Anti-School Choice Education Rally Fizzles

Low turnout despite clear skies and summer vacation for teachers

LANSING — Teachers couldn't blame the weather or inability to get the day off from work as excuses for the underwhelming turnout for what was billed as a "huge grassroots rally" for traditional public schools in Lansing Wednesday. 

Notice of the rally was posted on Facebook and progressive blogs, and notices were sent to 8,000 teachers and public education supporters, according to one organizer.

Before the rally, 751 people said on Facebook that they would attend, and a popular liberal blog said turnout would be "huge," but a headcount put the figure at about 500 people. The crowd barely filled the front lawn of the capitol. 

"No worries," said one organizer, who would not give her name. "There will be more."

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The rally was also seen by some as a precursor to the 2014 election. Former Battle Creek Congressman Mark Schauer, who says he is running for governor, was one of the speakers and was introduced as "Michigan's next governor." A number of other Democrats were invited to speak, including State Senate Minority Leader Gretchen Whitmer, D-East Lansing, State Sen. Bert Johnson, D-Detroit, and State Rep. Brandon Dillon, D-Grand Rapids. They were billed as "superstar advocates for public education." Also appearing was State Board of Education President John Austin, and Clarkson Community Schools Superintendent Rod Rock.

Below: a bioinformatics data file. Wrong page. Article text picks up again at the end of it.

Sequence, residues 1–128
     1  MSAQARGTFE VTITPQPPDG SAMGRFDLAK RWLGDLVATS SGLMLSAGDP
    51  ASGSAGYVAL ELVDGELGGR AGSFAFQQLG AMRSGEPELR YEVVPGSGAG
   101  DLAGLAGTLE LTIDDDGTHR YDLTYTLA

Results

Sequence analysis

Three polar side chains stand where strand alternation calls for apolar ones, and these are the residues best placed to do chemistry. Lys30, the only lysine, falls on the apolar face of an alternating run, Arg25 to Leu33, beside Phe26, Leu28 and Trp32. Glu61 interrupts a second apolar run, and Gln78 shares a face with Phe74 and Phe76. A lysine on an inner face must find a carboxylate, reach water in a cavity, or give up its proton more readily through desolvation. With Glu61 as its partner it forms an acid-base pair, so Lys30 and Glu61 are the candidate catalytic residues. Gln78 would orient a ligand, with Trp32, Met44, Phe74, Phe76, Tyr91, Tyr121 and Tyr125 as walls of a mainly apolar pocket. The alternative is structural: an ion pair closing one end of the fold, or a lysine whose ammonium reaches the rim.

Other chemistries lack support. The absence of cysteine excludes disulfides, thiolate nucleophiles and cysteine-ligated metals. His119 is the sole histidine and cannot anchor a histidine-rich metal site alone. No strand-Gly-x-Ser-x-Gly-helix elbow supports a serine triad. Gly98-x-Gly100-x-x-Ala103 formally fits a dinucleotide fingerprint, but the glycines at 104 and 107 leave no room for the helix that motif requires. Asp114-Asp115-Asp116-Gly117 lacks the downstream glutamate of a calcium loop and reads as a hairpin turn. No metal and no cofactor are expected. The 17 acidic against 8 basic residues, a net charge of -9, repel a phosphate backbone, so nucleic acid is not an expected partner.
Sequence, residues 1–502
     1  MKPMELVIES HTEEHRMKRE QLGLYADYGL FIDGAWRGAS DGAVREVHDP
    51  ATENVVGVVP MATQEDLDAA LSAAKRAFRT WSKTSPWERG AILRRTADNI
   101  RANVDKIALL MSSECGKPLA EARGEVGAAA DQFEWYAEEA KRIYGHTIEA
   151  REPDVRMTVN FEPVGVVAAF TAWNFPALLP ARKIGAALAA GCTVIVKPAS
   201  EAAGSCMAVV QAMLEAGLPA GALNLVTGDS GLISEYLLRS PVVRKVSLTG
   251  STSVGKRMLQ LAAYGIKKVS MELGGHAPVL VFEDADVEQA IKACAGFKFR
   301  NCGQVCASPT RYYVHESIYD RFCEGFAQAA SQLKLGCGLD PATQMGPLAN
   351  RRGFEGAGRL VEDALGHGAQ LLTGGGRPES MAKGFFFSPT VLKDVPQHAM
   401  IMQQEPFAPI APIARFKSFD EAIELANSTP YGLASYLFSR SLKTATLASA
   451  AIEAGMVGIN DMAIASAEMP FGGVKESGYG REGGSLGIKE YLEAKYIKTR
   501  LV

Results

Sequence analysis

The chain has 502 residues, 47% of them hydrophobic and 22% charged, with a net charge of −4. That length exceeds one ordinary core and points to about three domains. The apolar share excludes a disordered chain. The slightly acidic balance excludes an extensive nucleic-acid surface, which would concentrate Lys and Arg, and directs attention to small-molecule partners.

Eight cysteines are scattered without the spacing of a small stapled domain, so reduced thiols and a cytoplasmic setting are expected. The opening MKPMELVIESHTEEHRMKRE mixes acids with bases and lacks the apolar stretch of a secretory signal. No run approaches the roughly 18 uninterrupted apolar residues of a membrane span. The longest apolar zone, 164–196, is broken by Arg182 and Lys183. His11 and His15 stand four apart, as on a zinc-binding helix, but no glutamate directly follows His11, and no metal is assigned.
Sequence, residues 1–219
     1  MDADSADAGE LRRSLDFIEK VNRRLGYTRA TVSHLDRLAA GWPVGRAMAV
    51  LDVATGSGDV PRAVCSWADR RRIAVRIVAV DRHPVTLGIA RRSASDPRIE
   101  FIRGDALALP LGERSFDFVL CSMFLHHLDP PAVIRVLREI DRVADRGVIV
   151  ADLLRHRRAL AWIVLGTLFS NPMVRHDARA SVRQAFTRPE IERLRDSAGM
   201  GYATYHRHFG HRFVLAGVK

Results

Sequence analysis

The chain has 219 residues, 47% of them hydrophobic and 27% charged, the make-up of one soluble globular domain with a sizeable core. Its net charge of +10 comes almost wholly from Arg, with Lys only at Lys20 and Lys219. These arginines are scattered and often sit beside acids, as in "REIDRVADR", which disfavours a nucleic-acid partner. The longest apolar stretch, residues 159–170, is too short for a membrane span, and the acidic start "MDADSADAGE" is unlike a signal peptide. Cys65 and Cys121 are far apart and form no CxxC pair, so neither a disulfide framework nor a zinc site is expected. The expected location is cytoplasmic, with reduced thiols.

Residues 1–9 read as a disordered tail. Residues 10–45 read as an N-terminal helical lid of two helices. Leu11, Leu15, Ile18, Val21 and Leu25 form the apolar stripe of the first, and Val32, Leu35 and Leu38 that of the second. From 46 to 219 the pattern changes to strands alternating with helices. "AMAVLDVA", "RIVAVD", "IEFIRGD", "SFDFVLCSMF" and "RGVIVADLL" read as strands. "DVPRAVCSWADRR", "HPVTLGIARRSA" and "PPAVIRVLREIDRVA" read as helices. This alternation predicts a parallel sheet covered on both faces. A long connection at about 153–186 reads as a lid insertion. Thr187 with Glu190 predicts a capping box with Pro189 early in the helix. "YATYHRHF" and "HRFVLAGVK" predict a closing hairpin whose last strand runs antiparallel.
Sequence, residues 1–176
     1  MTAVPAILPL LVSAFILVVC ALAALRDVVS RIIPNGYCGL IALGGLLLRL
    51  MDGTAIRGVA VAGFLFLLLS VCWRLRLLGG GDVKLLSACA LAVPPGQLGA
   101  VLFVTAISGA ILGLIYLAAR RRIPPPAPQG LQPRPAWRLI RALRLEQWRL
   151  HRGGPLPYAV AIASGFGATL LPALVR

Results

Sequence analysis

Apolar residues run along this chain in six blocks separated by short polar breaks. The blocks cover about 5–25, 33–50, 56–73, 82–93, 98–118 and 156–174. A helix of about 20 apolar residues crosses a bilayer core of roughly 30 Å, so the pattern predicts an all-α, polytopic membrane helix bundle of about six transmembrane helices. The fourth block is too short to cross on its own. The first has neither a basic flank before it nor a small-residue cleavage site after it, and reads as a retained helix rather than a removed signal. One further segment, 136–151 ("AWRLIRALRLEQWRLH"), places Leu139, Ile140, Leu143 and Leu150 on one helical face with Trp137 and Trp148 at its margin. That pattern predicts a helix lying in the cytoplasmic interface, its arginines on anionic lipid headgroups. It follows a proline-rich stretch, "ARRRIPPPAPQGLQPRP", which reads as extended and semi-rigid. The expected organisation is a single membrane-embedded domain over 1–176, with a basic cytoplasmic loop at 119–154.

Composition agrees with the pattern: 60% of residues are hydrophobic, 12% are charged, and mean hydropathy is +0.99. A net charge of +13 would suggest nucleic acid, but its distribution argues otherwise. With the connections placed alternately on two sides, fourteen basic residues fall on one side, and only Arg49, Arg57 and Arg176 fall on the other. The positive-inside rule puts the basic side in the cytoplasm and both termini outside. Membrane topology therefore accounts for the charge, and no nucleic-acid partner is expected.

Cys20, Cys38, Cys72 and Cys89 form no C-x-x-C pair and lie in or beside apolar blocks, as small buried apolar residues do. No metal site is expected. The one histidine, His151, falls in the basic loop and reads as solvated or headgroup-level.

The rally was organized by a group known as "Save Michigan's Public Schools," which bills itself as a "non-partisan grassroots network of concerned citizens" that is "aiming to chronicle the massive opposition to the Michigan EAA (HB 4369), Skunk Works, Selective Enrollment Schools, & Parent Trigger bills." No Republicans spoke at the event.

Most of the people attending the rally were teachers off for summer vacation. Several of them spoke at the near two-hour rally, relaying tales of hardships in the classroom, particularly about students struggling with poverty.


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Some institutions of higher education have cracked down on free speech. Even in Michigan, universities have speech codes that restrict students’ speech, campus groups have prevented speakers from delivering talks and administrators have stopped individuals from handing out certain literature.

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